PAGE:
Alexander L. Francis
I am currently an associate professor in the Department of Speech, Language, and Hearing Sciences at Purdue University in West Lafayette, Indiana.
Before that I received my PhD from the University of Chicago in Psychology and Linguistics under the supervision of Howard Nusbaum in Psychology and Karen Landahl in Linguistics. I also worked with Terry Regier, Steve Shevell, David McNeil, and Janellen Huttenlocher.
My research investigates factors that affect how listeners identify and make use of linguistically relevant acoustic properties (cues) in the speech signal. One aspect of this research focuses on the role of linguistic experience, examining the effects of both long-term experience during the acquisition of a native language and short-term experience from laboratory training or preceding context. The other component of my research investigates how the processing of acoustic cues is affected by age-related changes in hearing, alone and in combination with age-related changes to cognitive mechanisms such as working memory and selective attention. I have also studied the production, perception and learning of Cantonese lexical tones, and factors contributing to the intelligibility of synthetic speech. I regularly teach courses in aging and communication, acoustics, and phonetics, and occasionally in research methods and attention.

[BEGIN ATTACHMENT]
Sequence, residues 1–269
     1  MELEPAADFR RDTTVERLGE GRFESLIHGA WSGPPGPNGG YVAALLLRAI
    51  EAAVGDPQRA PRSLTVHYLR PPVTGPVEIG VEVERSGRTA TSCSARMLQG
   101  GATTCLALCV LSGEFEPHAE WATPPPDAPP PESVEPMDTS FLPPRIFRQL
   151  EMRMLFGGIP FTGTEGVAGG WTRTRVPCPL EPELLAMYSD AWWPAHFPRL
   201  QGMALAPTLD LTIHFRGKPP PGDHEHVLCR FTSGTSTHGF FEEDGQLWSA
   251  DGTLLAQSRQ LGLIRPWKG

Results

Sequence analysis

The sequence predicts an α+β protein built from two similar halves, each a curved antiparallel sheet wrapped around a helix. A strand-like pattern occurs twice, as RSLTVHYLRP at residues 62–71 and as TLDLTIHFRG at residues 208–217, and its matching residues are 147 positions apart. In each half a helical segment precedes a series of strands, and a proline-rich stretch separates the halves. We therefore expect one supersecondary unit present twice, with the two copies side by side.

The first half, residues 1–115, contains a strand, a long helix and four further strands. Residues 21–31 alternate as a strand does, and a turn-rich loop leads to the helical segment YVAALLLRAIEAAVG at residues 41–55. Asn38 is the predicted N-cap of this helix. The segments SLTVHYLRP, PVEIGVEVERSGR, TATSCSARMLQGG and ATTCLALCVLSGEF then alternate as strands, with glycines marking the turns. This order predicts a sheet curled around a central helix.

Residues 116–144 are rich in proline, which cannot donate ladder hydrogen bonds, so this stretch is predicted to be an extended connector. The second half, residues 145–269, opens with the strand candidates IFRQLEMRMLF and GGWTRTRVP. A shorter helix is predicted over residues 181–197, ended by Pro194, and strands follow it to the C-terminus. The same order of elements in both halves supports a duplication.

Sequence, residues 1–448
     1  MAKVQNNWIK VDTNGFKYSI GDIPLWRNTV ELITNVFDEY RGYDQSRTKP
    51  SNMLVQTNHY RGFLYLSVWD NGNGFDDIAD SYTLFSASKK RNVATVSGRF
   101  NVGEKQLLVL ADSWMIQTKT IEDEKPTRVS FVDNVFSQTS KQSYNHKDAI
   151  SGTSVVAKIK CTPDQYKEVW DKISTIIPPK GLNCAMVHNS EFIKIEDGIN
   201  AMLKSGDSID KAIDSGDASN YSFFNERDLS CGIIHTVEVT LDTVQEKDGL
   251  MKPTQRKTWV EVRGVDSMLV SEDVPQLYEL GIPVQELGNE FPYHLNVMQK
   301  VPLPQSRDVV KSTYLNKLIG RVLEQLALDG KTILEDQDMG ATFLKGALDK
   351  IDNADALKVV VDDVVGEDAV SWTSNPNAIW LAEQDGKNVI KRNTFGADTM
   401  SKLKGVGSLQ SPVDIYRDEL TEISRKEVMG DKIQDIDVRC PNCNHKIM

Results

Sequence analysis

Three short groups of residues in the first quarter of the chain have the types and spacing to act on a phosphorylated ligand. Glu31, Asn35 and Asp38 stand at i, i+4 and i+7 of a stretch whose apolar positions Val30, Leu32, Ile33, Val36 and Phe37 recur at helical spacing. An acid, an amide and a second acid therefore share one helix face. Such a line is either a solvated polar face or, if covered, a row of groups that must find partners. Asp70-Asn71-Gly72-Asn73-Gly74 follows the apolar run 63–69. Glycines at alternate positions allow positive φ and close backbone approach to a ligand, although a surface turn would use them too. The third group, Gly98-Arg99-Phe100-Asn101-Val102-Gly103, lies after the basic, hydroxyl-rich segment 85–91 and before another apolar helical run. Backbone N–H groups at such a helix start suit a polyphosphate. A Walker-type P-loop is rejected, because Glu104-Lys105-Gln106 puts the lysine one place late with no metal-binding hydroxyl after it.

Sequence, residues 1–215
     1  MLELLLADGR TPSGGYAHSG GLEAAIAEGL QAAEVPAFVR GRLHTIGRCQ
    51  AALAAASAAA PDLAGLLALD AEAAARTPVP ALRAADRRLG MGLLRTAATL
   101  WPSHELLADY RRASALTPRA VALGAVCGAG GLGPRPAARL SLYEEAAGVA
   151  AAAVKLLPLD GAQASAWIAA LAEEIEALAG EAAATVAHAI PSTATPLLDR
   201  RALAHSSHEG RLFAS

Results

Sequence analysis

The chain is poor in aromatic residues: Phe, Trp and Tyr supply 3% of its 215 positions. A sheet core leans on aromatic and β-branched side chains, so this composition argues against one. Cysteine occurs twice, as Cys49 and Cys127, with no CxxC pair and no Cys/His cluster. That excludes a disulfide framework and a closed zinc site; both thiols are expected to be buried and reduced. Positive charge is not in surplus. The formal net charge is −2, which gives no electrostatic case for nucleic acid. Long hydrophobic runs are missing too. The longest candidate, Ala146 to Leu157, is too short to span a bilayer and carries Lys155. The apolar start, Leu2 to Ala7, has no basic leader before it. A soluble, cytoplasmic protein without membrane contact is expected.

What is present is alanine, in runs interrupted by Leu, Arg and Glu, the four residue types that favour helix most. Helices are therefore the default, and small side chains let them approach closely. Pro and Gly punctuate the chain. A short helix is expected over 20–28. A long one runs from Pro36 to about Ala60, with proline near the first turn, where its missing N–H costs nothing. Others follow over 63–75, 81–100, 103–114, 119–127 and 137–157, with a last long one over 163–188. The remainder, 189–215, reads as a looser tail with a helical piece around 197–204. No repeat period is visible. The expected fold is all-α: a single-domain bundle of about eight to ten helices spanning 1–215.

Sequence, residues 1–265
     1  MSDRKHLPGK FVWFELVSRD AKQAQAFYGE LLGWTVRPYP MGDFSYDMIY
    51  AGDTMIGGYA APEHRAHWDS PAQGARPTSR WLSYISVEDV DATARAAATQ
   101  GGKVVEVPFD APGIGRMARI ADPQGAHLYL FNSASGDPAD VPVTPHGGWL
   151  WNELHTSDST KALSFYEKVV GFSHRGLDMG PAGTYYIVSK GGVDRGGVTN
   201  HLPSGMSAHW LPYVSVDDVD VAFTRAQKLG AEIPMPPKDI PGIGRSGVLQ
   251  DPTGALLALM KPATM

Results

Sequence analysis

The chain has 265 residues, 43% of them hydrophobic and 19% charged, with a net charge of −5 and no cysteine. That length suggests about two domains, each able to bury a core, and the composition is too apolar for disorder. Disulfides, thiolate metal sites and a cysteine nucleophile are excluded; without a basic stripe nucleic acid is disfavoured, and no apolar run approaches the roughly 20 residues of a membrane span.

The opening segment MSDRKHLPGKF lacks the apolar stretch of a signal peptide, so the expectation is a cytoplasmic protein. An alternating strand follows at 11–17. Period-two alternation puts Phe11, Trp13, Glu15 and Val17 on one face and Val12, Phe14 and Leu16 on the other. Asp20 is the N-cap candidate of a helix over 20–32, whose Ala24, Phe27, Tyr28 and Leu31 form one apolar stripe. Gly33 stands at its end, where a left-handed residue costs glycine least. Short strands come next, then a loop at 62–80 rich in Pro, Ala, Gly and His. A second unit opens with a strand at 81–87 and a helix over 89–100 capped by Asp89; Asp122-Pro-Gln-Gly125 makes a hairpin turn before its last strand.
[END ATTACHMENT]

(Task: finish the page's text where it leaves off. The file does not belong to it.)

After many years of sloth I joined the Wabash River Runners' Club. I particularly enjoy multi-sport events (triathlons and duathlons). Here are some of the races I have done. Life has taken its toll on my training and racing, but I hope to get back to it soon...
Speech, Language and Hearing Sciences
West Lafayette, IN 47907
last updated September 4, 2012.